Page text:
Ruhee Maknojia is a New York and Houston based artist. Her conceptual research and art practice has developed around what she calls ‘tradition as a form’- those forces and capacities at work underneath contemporary value systems. By realigning social and traditional relations, her projects often bring forgotten practices into plain view, to raise questions about power, ethics, and values. Her work is often Influenced by the aesthetics and philosophies of Indo-Iranian Mughal gardens. Mughal gardens are four-walled intramural spaces that symbolize paradise on earth. The garden is a place of peace and relaxation. It is a form of escapism from the reality of the world. In contrast, everything outside of the garden walls is symbolism for chaos and violence.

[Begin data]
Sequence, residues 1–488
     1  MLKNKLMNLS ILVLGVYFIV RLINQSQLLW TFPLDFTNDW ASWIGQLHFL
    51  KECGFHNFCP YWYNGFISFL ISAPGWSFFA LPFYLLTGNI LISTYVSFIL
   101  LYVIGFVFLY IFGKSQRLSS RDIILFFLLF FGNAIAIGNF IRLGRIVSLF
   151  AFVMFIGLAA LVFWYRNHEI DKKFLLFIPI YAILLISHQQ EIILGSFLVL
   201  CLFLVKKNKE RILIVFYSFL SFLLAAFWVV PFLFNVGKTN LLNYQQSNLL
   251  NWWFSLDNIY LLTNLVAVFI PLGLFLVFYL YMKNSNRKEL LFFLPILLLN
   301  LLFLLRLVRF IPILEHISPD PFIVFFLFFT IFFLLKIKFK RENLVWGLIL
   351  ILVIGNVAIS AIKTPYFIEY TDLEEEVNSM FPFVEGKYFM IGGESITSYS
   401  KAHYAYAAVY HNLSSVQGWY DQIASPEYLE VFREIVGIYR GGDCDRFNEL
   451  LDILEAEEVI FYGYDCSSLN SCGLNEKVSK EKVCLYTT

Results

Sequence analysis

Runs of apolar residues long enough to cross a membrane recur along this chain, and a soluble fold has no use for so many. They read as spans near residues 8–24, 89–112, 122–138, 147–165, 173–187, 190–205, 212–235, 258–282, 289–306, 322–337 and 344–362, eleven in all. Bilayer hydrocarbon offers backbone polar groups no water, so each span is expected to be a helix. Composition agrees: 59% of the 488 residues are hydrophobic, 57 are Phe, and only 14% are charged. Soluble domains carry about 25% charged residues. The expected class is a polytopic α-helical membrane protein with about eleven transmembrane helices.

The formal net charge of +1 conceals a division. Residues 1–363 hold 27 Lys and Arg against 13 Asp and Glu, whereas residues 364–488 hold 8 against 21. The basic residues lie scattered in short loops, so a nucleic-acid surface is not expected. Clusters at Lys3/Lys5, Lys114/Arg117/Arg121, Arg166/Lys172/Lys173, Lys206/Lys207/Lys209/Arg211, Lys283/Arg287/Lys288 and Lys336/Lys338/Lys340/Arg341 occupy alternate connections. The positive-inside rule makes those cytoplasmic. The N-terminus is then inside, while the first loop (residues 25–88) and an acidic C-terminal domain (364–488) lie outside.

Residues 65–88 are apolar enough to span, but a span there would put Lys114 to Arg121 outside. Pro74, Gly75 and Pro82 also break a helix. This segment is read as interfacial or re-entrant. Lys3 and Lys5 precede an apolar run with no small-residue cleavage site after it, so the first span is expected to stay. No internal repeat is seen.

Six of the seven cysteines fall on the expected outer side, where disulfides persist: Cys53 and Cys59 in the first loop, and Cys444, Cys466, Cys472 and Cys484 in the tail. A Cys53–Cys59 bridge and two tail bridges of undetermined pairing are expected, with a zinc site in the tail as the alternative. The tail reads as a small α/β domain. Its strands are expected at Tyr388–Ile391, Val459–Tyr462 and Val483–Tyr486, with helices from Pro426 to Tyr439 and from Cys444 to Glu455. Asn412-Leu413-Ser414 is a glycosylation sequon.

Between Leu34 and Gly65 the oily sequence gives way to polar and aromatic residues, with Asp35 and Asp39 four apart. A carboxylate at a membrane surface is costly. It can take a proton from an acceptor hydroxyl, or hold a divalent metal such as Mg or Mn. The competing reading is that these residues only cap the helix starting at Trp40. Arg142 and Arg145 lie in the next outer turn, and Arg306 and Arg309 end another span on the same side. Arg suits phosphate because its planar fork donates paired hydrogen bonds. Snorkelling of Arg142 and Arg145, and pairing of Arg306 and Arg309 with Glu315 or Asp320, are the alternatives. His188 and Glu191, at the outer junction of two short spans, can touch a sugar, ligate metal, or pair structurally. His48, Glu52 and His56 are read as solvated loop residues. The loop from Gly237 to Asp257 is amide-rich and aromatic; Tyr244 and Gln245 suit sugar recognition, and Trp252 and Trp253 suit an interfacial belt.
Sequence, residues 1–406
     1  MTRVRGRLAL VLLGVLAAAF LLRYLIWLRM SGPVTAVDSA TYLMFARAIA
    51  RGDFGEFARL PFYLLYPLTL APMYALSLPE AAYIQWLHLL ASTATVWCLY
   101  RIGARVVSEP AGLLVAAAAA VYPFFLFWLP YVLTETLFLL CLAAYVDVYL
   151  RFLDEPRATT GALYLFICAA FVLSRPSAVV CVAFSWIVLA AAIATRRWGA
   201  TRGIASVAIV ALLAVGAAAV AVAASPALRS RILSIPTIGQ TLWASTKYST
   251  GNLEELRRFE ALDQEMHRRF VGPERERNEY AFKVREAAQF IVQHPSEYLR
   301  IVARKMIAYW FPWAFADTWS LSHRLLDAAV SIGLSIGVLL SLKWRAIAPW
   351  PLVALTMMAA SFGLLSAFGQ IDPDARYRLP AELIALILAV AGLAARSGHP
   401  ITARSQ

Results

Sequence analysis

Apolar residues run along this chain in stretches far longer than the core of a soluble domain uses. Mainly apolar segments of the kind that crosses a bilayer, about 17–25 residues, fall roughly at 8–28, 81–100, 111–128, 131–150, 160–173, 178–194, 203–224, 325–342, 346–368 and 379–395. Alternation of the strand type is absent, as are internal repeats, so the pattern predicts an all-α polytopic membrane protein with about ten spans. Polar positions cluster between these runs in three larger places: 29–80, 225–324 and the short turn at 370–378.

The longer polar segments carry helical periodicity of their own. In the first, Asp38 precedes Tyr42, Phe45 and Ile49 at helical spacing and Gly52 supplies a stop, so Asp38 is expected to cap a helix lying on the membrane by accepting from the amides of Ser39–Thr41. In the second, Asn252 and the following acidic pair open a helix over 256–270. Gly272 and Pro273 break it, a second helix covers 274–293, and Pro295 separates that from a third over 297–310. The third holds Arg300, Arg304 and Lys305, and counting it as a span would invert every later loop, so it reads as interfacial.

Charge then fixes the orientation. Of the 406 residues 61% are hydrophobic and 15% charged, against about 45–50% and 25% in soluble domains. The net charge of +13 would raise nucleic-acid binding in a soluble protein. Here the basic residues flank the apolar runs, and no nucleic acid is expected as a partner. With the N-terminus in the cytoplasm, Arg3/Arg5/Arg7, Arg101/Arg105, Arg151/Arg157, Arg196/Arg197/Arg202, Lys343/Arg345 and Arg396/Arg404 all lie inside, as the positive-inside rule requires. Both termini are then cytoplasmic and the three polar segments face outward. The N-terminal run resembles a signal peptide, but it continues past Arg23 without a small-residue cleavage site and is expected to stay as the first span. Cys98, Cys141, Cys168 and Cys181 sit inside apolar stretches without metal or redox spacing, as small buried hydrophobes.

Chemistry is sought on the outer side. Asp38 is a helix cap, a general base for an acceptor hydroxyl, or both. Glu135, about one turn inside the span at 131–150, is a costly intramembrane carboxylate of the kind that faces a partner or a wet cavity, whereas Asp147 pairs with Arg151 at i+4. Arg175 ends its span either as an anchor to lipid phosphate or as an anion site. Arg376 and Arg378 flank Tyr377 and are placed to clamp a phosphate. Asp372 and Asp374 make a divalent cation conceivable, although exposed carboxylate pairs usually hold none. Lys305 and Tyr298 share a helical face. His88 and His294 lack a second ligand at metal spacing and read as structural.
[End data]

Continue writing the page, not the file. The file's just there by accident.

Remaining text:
Maknojia's work and research echoes the philosophy and traditional aesthetics of the Mughal Gardens. Her art seeks to carve out illumination and peace in the milieu of violence and chaos by questioning what it means to open the gates between an internal space of serenity and an external world of disorder. The art is continuously shaped and reshaped by the infiltration of exoteric problems into an area of esoteric "perfection". She uses patterns and repetition to seek beauty in abstract spaces of violence. Maknojia's engagements translate into installations, paintings, videos, drawings, printmaking, and writing.
Select exhibitions include The Happiness Curriculum, Eastern Connecticut State University Gallery, Connecticut U.S.A. (2019); Harlem Perspectives II, Faction Art Projects Gallery, New York City (2019); Feel That Other Day Running Underneath This One, Time Square Space, New York City (2018), 42/18, LeRoy Neiman Gallery, New York City (2018)
Maknojia received her M.F.A. in Visual Arts from Columbia University in New York City, a B.A. in Middle Eastern Studies from the University of Texas at Austin, and a B.A. in Studio Art from the University of Texas at Austin. She is currently a resident artist at Box 13 ArtSpace.